Until tonight, I don’t think I’d ever seen a team completely dominate the first 25 minutes of a football game before eventually losing by 30-plus points.
Yeah, the final score would indicate otherwise, but the Kansas City Chiefs clearly outplayed the New England Patriots in the first half of their Monday Night Football matchup at Foxboro. A team that came into the game with a league-low nine sacks all season was somehow getting to Tom Brady, while the offense, led by a quarterback making his first career start, was moving the ball successfully both through the air and on the ground. They were using the hurry-up to make a depleted, inexperienced New England secondary look foolish.
But the Chiefs kept getting stalled in New England territory, settling for a field goal once and a curious punt after a bluff on fourth-and-one another time. As a result, they held only a 3-0 lead midway through the second quarter.
And that’s when Brady and the Patriots remembered that this wasn’t a preseason game.
After starting 3-for-9, Brady rediscovered his favorite two targets. On New England’s first scoring drive of the game — which came late in the second quarter — Brady completed three passes to Aaron Hernandez and Rob Gronkowski for a combined 70 yards. The series concluded with the longest (and coolest) touchdown of Gronk’s career.
That was followed by a late-first half field goal and then 24 unanswered second-half points. The game felt over when Gronkowski scored again on New England’s first drive of the third quarter. That gives Gronkowski 10 touchdowns on the year and 20 scores only 26 games into his NFL career. He’s now only one touchdown behind Calvin Johnson this season.
It’s usually always a good thing when your team wins 34-3, but I’m betting Bill Belichick isn’t overly satisfied with his team right now. For a solid chunk of Monday night’s game, the Pats were outplayed by a team that had been outscored 48-13 in back-to-back home losses to the Dolphins and Broncos. Plus, KC was playing its first game without regular pivot Matt Cassel, who was placed on injured reserve earlier in the day.
Belichick’s team was almost fooled by a suprise onside kick (an illegal touching penalty saved the day) and wasted a short field after said kick (Brady fumbled for the fourth time in as many games). On the series after that fumble, Brady was sacked twice, as his receivers failed to get open and the pocket kept collapsing. He simply faced too much pressure.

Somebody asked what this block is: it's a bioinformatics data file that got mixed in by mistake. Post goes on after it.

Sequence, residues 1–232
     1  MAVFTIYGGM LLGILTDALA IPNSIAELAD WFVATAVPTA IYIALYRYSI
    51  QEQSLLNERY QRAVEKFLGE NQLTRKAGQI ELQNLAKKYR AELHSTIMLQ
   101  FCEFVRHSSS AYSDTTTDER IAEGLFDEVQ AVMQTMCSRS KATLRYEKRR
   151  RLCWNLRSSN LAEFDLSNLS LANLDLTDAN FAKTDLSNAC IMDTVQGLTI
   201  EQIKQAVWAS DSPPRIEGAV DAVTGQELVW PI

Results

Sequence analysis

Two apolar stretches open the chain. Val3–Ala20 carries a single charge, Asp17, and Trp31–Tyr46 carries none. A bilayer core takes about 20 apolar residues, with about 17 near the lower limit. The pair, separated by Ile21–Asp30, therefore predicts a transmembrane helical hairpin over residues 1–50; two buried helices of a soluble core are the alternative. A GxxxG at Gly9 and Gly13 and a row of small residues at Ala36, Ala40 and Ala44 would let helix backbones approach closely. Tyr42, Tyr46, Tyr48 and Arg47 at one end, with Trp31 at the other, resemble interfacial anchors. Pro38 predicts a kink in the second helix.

And it’s quite jarring that, despite the onslaught on the scoreboard, New England amassed only 46 more net yards than the Chiefs did.
One reason why the Chiefs might have been able to go toe-to-toe with the Pats for longer than expected? Defensive coordinator Romeo Crennel, who knows that New England team quite well after serving as Belichick’s defensive coordinator several years ago. You have to wonder if that was a factor, because Brady didn’t look right.
And yet the problem goes beyond Monday night’s game. The Pats have been notoriously slow starters as of late, especially on offense. They have just five first-half touchdowns in their last six games. They’ve led only three of those games at halftime, but they’ve won four of them (they came back against Dallas).
In New England’s defense, the defense has stepped it up despite the negative headlines. The secondary has improved, and it adjusted to hold the Chiefs to just three points despite not having Pro Bowl cornerback Devin McCourty. How bad are things in the defensive backfield? Antwaun Molden started at corner on Monday night — Molden is so bad that he was cast aside in the offseason by a Houston defense that was historically terrible in pass protection last season.
The front seven, which is finally starting to get consistent pressure and has benefited greatly from Jerod Mayo’s return to health, has saved the day.
Two questions that I’d have for Belichick if I were at his post-game press conference:
1. Why were Brady and the offense on the field with a 24-point lead late in the fourth quarter? And if you were just trying to get Wes Welker’s games-with-a-reception streak extended, do you regret that decision? After all, Matt Light was injured on that late completion to Welker and was seen in a walking boot after the game. Maybe that’s karma. Bad form to keep the starters out that late in a blowout.
2. If you were thinking about milestones and streaks, why not give the ball to Vince Wilfork on the 1-yard line in the final moments? Headed into this week, at least one former Miami Hurricane had scored an NFL touchdown in 149 consecutive weeks, but that streak died Monday night, and Wilfork was The U’s last hope. (Update: Wilfork claims he didn’t notify Belichick that he was the only man who could extend the streak because he found out too late.)